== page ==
TTU ag professor offers beef bull buying tips

Current beef bull buying trends among farmers in Tennessee bring a whole new meaning to the phrase ‘bull market.’

“Recent higher beef calf prices and local incentive programs have caused bull prices to increase to levels above a 13-year average,” said Sam Winfree, a Tennessee Tech University agriculture professor and Angus breeder who has been collecting and analyzing bull sale data each year since 1994.

The Beef Enhancement Program and the Master Beef Producer Program, for instance, provide incentives ranging from $750 to $1,000 for buyers to purchase superior bulls with no defects and superior conformation and performance history.

According Winfree’s statistical analysis, bull buyers are willing to spend about $6,000 for a superior beef bull, although the actual average price since 1994 has been around $2,200 in organized sales and auctions and around $1,750 in private sales.

Since he first began analyzing the data, however, Winfree said he’s noticed that buyers have naturally developed a two-stage process of bull selection, initially deciding which bulls are preferred and then considering how much to pay for the animals of their choice.

“Studying the habits of beef bull buyers is, at best, a fickle science because many factors affect which bull is chosen and the ultimate selling price,” he said.

What are some of the interesting trends and characteristics influencing bull buyer preferences in Tennessee right now?

• Buyers pay more for longer, taller bulls with larger frame size estimates.

• The sale weight has a significant positive effect on sale price. “Buyers will pay more for heavier bulls in a group, even if these bigger bulls are significantly older,” Winfree said.

• Low birth weight and pedigree strongly influenced sale prices from 1994 to 2000 but had somewhat less of an influence after 2000.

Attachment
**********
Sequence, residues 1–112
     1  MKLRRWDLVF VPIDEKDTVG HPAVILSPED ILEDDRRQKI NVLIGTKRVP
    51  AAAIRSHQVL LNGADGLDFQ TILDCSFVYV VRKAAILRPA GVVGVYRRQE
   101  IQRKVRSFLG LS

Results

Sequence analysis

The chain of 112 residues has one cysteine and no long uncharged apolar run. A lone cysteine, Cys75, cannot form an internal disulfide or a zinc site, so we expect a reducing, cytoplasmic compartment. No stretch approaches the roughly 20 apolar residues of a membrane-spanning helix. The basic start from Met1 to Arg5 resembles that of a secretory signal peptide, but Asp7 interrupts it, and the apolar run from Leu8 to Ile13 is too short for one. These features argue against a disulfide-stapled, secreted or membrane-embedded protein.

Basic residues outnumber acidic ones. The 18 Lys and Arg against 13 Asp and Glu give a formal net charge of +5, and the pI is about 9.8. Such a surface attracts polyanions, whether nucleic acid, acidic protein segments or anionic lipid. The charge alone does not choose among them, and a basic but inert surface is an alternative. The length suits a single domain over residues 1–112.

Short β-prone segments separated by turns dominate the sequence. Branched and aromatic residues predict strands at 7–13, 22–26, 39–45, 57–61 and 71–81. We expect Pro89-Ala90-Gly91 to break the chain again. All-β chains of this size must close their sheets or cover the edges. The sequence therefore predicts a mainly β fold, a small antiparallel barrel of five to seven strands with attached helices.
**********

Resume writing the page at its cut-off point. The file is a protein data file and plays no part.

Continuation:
• The breed mix has changed significantly since 1994 of the bulls offered for sale in the University of Tennessee Tested Bull Sale at Spring Hill — which is considered an elite bull sale by many beef producers in Tennessee.

“Earlier sales included Angus, Hereford, Charolais, Simmental and Brangus bulls, but more recent sales are composed almost entirely of only Angus bulls,” Winfree said.

• Maternal values such as birth weight and milk production affects sale price, but the influence of those values has declined slightly in recent years.

• Estimates of muscling, marbling and percent retail product — along with a new dollar-value estimate — may be influential in establishing higher prices, Winfree said.

• Scrotal circumference, hip height, frame size and estimated fat thickness and rib eye area are also useful data in bull evaluation. “These data are relatively easy to collect but are frequently not available to buyers,” Winfree said.

“Scrotal circumference is highly related to bull semen quality, and a breeding soundness exam is also related to higher bull values or prices,” he continued.

In addition to data gathered from the UT Spring Hill sale and from TTU’s Bull Evaluation Center, Winfree also gathered data from several private, on-farm transactions, including those of the Amonett family of Byrdstown and Macedon Angus of Madison, Ala. Both sell 60 to 100 Angus bulls off the farm each year.

Ed Horton of Macedon Angus said, “We’ve sold all of our older bulls and are now selling down into the older weanlings, which we have never done. Business have never been this good.”

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